The old folk from Indiana and Iowa and Illinois, from Boston and Kansas City and Des Moines, they sold their homes and their stores, and they came here by train and by automobile to the land of sunshine, to die in the sun, with just enough money to live until the sun killed them, tore themselves out by the roots in their last days, deserted the smug prosperity of Kansas City and Chicago and Peoria to find a place in the sun. And when they got here they found that other and greater thieves had already taken possession, that even the sun belonged to the others; Smith and Jones and Parker, druggist, banker, baker, dust of Chicago and Cincinnati and Cleveland on their shoes, doomed to die in the sun, a few dollars in the bank, enough to subscribe to the Los Angeles Times, enough to keep alive the illusion that this was paradise, that their little papier-mâché homes were castles.―John Fante, Ask the Dust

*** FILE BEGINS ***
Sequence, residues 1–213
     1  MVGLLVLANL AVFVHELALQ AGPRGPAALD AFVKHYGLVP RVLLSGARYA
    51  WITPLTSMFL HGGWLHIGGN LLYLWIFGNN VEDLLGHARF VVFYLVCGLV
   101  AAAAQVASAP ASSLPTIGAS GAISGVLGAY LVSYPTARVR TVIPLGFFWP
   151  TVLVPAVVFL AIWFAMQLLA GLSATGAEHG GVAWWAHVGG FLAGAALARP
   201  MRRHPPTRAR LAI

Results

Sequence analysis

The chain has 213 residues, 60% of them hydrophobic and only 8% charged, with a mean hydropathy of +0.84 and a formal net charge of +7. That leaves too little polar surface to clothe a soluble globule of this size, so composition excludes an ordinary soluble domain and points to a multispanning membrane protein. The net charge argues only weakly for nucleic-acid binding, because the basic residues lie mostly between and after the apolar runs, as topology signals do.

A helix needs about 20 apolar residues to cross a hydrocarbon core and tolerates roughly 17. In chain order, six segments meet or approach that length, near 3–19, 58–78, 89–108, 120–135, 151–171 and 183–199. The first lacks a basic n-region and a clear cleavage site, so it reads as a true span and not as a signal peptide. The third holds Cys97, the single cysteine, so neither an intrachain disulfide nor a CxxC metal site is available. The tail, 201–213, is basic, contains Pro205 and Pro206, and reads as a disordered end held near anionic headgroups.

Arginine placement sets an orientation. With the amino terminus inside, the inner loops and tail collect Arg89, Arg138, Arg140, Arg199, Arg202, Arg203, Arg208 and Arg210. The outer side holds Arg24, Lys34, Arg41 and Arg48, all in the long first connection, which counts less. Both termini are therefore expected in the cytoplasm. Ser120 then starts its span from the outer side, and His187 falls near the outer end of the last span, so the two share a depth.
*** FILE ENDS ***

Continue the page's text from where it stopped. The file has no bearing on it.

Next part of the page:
In the context of my Bunker Hill/Howard Hamm stories the word ghosts has multiple meanings: ghosts of the past, ghosts of who we were and what we might be and in the case of Bunker Hill Blues the ghosts of the children that once lived in Howard’s house a long time ago. 

Howard might not have believed in ghosts, but they were everywhere if you knew where to look for them: There are more things in heaven and earth, and all that jazz. Not creatures in white sheets like Casper, not malevolent apparitions like in Poltergeist. But ghosts of the past, ghosts of who we were and who we thought we wanted to be. Ghosts of our lost dreams. In some ways those ghosts are always gaining on us, aren’t they?Bunker Hill Blues